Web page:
Late last week, Tilgin sold off its IPTV set-top box business to Amino in order to concentrate on the IP Residential Gateway business. The initial sale price was 30 million SEK, plus a potential bonus based on sales performance. Tilgin is just one of many second- and third-tier IPTV suppliers that have sold out to bigger competitors, and the list is only going to get longer as the worldwide recession drags on. The residential gateway business isn't exactly a bonanza, either; Pace is struggling to establish a business there, and the business argument for gateways isn't clear for a lot of operators.
The overarching question is whether or not there's really a market for IPTV services. IPTV is doing well in France, Spain and some other European markets, but in France in particular, consumers can get a complete triple-play bundle including IPTV for not much more than what U.S. customers pay for a single service. In Hong Kong, PCCW was the world leader in terms of subscriber count for a number of years, but now PCCW and China Netcom are merging, and the question is whether or not PCCW has finally saturated the market. In Japan, IPTV services have been all but stillborn, even with the country's largest telecommnuications companies (NTT, KDDI and Softbank) behind it.
In most of the first world, IPTV entered the market as the third or fourth choice for video services, after broadcast, cable and satellite. Where IPTV has been really successful, one or more of the following is true:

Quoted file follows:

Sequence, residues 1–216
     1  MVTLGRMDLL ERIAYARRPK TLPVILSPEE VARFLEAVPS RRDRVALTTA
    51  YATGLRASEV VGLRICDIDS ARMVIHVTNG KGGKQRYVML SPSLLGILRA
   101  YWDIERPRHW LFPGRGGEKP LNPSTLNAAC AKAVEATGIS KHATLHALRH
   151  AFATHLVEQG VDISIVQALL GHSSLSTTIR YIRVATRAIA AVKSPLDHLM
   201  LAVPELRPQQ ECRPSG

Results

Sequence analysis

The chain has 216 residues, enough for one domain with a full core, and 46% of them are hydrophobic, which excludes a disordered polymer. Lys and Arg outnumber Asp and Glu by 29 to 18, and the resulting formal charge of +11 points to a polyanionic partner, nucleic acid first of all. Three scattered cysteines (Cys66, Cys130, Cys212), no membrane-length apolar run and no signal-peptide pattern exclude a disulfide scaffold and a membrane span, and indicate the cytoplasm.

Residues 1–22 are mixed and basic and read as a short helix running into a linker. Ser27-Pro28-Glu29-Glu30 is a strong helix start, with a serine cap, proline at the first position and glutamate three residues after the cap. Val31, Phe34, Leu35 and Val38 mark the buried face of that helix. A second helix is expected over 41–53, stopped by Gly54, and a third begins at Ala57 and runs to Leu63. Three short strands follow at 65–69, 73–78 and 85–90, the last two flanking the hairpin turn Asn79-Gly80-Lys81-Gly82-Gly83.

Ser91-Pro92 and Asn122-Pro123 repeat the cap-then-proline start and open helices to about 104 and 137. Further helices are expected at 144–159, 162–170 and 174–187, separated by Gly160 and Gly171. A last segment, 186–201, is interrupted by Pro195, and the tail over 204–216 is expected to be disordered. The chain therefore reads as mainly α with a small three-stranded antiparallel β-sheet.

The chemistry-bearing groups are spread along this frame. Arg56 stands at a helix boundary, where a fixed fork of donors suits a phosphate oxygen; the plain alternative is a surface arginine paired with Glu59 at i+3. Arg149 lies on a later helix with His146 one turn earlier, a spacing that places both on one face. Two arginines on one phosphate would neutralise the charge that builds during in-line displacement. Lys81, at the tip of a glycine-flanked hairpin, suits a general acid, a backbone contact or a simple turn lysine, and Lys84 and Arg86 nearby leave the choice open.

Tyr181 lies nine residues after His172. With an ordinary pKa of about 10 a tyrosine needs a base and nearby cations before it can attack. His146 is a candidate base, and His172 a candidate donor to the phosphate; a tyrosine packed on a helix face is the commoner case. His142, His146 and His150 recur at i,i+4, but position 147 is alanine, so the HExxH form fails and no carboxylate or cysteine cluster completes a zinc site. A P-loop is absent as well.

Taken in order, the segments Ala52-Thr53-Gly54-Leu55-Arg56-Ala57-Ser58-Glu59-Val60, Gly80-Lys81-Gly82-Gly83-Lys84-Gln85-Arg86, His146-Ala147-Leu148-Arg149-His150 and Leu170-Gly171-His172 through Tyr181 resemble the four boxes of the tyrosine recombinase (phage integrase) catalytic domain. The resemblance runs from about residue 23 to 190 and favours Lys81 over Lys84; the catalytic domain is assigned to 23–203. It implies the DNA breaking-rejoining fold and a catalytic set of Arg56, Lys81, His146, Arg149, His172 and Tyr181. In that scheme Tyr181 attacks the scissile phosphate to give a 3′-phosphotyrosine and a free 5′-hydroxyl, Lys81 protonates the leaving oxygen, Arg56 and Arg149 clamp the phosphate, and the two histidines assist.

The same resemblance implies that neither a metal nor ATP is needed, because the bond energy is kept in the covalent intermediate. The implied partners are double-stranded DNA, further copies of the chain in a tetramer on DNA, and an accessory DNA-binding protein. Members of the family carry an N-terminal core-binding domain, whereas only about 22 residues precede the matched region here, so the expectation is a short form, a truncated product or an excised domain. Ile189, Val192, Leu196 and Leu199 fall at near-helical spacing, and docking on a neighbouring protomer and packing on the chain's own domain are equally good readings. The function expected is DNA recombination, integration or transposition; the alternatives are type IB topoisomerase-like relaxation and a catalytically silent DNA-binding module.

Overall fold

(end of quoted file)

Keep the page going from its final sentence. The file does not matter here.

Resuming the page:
1) The IPTV services are offered at a dramatically lower price than competitive video services (that's certainly true in France.)
2) Local competitors let the IPTV services take hold with high prices, bad customer service, etc.
3) The IPTV provider offers non-video services that the local competitors couldn't match (in the U.S., Verizon's FiOS data service offered far faster speeds than cable operators, and Verizon used that advantage to sell FiOS TV into those same customers.)
4) The existing local video choices are rudimentary or nonexistent.
Where advanced cable services are available, it remains all but impossible to differentiate IPTV services from cable. The interactive features of IPTV are nice, but there's nothing that the cable industry can't match. Even satellite providers are getting into the interactivity game with Internet connections on their set-top boxes.
I do believe that there is, and will continue to be, a market for IPTV, but it's smaller than most of the analysts have been forecasting, and even smaller than I forecast when I was in that business. We'll continue to see tremendous pressure on second- and third-tier IPTV hardware and software suppliers to merge, discontinue their IPTV product lines or go out of business. We'll also see tremendous pressure on IPTV service providers to differentiate their offerings by price rather than functionality. Ultimately, IPTV will be just one of several video options for consumers.